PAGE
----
Builder plays games with warranty
Q: I purchased a new home less than one year ago and expected to be covered by the builder's warranty. But the builder refuses to repair any of the defects I've reported to him. For example, black mastic has seeped through the tile joints in my bathroom counter. He says I should have noticed these conditions during my final walk-through inspection, prior to purchase. Since I did not see this condition then, he says it's not covered by the warranty. What should I do?
A: Your builder appears to have a large number of soiled neurons -- a condition commonly known as "dirty nerve." Since when is a warranty limited to the defects you notice at the time of purchase? What does your builder think a walk-through inspection is, a reality game show?
He needs to wake up to the laws and ethics that apply to his profession. He is responsible for construction defects that occurred on his watch, as prescribed by law. That includes all defects that took place during construction or that manifested during the warranty period, not just the ones you were lucky enough to see during game time.
This situation illustrates my repeated emphasis on the importance of hiring a qualified home inspector when buying a new home. Even when builders are honest and forthright, the only way to take advantage of the warranty is to discover the defects. A professional inspector is more likely than the average homebuyer to discover errors in construction.
My advice is to find the most thorough and experienced home inspector in your area. A qualified inspector will find additional defects: problems of which you are not yet aware. If the builder does not agree to repair all of these, you can file a complaint with the state agency that licenses contractors, or you can file an action in small claims court.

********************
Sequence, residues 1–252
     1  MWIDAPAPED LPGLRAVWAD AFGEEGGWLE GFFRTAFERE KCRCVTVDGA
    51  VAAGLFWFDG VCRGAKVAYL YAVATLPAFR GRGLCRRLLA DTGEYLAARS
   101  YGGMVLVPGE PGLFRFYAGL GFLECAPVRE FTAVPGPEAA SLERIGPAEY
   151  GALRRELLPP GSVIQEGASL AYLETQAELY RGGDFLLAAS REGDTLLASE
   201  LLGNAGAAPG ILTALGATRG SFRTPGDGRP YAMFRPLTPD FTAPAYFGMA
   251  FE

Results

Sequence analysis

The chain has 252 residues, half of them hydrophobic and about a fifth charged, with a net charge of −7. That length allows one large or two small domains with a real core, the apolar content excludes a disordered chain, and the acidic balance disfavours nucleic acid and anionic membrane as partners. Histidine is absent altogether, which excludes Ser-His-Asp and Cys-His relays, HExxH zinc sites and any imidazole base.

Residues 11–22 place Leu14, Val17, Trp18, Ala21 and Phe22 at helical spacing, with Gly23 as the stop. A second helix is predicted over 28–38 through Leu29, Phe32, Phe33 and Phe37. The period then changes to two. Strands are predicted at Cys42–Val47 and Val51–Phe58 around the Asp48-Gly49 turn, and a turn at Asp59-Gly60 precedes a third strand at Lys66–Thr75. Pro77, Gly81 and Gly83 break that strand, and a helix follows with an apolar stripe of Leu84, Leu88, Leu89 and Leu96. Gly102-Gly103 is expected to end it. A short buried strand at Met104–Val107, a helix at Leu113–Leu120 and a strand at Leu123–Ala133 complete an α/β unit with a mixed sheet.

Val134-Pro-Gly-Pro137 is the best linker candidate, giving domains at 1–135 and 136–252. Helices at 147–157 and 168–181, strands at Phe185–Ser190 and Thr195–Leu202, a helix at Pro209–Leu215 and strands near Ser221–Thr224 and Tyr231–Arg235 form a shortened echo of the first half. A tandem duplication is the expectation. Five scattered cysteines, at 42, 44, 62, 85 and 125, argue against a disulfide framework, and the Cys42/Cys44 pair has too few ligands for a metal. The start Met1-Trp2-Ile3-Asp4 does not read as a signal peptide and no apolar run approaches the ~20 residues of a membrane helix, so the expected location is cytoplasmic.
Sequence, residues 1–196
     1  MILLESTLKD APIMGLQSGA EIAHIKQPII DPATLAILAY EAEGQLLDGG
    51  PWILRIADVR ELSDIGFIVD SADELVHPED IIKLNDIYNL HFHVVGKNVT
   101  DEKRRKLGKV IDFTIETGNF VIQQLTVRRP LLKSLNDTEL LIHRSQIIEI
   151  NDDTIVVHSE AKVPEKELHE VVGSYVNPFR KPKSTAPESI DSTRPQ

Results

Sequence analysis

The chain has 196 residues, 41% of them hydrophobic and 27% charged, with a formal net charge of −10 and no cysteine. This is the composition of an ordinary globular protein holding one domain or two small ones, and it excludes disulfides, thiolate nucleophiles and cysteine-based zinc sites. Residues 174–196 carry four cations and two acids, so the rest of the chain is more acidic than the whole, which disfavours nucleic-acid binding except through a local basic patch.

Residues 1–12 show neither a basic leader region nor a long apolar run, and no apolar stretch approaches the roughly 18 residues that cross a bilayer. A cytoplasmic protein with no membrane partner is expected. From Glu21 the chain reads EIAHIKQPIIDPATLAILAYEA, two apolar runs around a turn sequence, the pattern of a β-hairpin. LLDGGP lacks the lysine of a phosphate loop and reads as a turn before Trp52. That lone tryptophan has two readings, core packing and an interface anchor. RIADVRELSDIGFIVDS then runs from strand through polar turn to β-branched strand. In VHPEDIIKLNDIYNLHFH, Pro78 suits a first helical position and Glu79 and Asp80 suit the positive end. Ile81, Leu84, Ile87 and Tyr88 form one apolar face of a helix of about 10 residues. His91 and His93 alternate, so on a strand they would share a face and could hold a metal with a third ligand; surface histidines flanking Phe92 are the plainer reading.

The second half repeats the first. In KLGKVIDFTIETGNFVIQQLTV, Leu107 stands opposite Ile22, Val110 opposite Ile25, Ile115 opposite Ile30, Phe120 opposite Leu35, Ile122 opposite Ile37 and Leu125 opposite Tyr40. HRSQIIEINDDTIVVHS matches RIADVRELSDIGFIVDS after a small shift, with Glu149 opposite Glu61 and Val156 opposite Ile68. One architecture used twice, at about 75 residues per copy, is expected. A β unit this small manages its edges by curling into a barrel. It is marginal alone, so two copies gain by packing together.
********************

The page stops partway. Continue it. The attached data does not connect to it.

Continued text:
However, before taking any legal actions, be sure to get some advice from an attorney who specializes in construction defect law.
Q: We've been very concerned about sloped floors and cracked walls in our condominium and have asked the homeowners association to have them evaluated. They called the HOA handyman who does most of the repairs in our complex. He said the building looks structurally sound, but we're not reassured and would like someone with more expertise to review the condition of our property. How should we address this situation?
A: Asking a handyman to render an opinion regarding the structural integrity of a building is equivalent to asking a nurse's aide to diagnose a malignant carcinoma. In either case, the opinion is unreliable, and its rendering is illegal. Structural evaluations, the same as medical diagnoses, can be lawfully and reliably provided only by duly credentialed and adequately schooled individuals.
Accordingly, your homeowners association should have a licensed structural engineer evaluate the floors, walls and any related irregularities in your home to determine whether the problems are cosmetic or structural.
• To write to Barry Stone, visit him on the web at www.housedetective.com, or write AMG, 1776 Jami Lee Court, Suite 218, San Luis Obispo, CA 94301.
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